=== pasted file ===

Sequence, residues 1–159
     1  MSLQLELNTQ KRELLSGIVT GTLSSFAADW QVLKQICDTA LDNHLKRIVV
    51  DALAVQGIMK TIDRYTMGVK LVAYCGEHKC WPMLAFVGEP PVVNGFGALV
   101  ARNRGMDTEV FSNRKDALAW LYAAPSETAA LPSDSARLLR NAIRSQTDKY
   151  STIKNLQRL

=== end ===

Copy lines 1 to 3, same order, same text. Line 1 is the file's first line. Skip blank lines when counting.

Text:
Sequence, residues 1–159
     1  MSLQLELNTQ KRELLSGIVT GTLSSFAADW QVLKQICDTA LDNHLKRIVV
    51  DALAVQGIMK TIDRYTMGVK LVAYCGEHKC WPMLAFVGEP PVVNGFGALV